I don't know anyone that is that nice. You must be some kind of saint or something.
It was an awkward moment. I remember I had already started talking when I walked into my twin brother's room one afternoon. I should have knocked. My brother and I stood motionless for a moment in utter silence, staring at each other over a TV tray set up like an altar, with an embroidered pillow case carefully arranged over the top and candles on each side. I think my brother was using Saltines as his stand-in Host, his customary iced tea for the wine.
“I guess you have to do what you have to do”, my father said when I finally told him about my desire to join the Carmelites. We were walking under the autumn trees on my farm in Oregon, talking face to face for the first time in nine years, and I wanted to tell him my plans while we had this time together.
So much for the Climbing Carmel Christmas Special. I know, my vignette is not really the White Christmas image of Bing Crosby and company singing and dancing across a stage in their color-coordinated, elegant, his-and-hers upgrade of old Santa's suit. I can't help it, whenever I think of Advent and Christmas, my mind turns to Father Elijah walking across the Desert of Sin, Sinai. It is easy to forget that the hero of the story doesn't know how it ends the way we do.
Sometimes in contemplation God chooses to gives us the means rather than the end. Instead of merely handing over the keys to His kingdom, he gives us the blueprint and lets us build it ourselves and put ourselves into its construction. I can imagine that St. Theresa of Avila saw the Interior Castle first before she saw all that it contained.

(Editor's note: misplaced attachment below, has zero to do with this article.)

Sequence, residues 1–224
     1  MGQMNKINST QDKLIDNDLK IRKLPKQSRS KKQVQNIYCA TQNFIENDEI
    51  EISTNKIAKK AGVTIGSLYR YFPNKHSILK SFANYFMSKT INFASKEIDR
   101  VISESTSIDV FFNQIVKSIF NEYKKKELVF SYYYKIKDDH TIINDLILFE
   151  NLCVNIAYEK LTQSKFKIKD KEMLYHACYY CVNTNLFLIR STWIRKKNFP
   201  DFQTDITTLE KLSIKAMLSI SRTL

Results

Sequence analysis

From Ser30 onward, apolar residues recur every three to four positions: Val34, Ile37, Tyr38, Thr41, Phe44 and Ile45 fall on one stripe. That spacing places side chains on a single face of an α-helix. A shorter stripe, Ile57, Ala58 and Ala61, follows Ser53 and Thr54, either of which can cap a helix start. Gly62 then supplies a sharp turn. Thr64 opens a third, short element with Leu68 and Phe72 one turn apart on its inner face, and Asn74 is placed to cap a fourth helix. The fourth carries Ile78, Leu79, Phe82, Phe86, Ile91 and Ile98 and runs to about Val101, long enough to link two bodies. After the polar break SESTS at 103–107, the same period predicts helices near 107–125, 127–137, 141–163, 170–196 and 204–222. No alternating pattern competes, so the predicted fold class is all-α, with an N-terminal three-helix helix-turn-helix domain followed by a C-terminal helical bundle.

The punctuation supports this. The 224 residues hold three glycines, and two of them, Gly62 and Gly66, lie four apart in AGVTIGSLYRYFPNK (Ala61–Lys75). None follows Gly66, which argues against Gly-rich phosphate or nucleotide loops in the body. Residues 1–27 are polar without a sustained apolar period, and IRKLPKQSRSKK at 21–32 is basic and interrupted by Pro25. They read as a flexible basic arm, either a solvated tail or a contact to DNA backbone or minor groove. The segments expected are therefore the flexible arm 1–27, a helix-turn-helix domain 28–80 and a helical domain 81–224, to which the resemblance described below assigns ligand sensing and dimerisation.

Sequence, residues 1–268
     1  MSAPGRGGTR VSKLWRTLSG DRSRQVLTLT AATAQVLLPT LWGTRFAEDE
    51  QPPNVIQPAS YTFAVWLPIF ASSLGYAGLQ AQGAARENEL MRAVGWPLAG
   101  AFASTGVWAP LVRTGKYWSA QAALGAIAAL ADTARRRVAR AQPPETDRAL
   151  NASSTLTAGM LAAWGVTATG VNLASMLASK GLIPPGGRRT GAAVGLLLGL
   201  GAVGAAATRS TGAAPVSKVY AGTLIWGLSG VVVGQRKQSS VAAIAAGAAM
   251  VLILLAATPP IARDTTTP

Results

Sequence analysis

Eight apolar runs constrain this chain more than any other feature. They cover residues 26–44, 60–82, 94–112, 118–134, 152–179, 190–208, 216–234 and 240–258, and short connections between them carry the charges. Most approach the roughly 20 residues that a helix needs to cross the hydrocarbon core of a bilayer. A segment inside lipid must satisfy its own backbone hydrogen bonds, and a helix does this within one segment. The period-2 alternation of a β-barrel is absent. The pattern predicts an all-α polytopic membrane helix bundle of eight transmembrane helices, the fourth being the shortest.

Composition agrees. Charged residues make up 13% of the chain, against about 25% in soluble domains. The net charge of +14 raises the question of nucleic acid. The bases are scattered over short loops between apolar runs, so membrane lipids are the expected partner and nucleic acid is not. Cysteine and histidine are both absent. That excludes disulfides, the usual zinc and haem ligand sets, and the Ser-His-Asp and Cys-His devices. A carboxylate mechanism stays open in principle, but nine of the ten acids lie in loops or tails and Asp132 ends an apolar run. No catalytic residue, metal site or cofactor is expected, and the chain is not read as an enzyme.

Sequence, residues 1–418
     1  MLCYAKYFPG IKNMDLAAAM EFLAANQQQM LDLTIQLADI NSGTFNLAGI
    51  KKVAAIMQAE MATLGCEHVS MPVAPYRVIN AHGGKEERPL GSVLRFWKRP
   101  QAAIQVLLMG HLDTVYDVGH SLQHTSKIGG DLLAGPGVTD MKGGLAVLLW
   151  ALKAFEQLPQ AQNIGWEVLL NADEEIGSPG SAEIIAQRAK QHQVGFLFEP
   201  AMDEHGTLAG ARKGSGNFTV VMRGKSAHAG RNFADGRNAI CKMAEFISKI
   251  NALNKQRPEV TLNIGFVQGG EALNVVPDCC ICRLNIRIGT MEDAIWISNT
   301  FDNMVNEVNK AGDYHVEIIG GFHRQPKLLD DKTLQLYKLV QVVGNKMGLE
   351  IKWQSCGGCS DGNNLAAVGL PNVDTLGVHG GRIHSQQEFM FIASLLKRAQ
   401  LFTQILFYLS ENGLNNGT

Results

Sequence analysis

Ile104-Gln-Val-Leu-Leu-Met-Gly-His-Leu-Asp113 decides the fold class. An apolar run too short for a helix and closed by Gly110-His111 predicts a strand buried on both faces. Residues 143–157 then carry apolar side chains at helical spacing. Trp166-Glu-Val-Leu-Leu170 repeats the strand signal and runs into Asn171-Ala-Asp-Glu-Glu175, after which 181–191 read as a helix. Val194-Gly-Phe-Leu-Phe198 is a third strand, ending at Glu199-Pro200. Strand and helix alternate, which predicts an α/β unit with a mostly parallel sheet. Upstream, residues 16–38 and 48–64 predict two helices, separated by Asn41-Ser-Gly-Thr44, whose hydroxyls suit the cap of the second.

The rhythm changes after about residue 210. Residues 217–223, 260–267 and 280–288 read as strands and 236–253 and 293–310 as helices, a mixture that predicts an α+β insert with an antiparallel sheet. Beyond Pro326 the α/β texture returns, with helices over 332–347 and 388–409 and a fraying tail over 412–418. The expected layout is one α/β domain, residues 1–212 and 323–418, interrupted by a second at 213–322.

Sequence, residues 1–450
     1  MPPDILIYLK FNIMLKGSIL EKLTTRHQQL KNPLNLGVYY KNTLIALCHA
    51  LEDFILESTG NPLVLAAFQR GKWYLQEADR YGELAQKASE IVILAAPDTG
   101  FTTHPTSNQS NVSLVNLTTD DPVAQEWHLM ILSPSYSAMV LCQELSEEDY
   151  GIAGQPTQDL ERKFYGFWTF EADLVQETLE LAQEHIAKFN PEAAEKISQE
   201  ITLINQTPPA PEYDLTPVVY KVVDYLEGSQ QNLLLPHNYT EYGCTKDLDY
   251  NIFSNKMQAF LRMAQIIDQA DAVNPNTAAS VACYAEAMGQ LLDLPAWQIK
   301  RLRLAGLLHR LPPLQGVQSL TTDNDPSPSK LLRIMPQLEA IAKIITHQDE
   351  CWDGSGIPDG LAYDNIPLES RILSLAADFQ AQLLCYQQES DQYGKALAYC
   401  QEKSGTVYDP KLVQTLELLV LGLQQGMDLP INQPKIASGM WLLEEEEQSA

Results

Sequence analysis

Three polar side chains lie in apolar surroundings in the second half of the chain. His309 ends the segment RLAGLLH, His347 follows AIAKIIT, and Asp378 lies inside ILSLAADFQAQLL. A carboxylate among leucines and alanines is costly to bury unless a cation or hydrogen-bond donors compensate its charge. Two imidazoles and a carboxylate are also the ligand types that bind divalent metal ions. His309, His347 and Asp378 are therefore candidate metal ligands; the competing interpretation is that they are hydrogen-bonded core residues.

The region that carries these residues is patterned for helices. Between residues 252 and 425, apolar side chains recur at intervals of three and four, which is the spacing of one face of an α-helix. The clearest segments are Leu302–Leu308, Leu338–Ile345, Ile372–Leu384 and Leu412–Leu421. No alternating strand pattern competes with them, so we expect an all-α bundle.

Every morning I crept down the hall, boots in hand, to the bathroom to get ready in the dark. I wanted to get out early before the others and spend some time in St. Thomas the Apostle Church before the discernment retreat started for the day. St. Thomas is a magnificent church, a huge marble baldachin towers over the altar.
I do not claim to know anything. I do not claim to be anything. I aspire to nothing and find I often do not achieve it.
Why am I beginning this blog with a description of an 8th Century Irish tale describing the death of one greatest heroes of Irish mythology? Mythologies articulate cultural values and they also re-inscribe them down through the generations. This passage is pretty typical of the pagan value system for a hero
A few weeks ago, I wrote a blog entitled "A Charism of Many Colors." In it, I tried to present excerpts from the constitutions of other religious communities that gave voice to aspects of my own personal charism.
I was still holding out to join the Carmelites in the next year and wanted to be truly mendicant: poor, light on my feet, ready to follow the call, and beg for my bread. I smiled when he dismissed my vocation, even through it turned like a white hot shank of iron in my belly.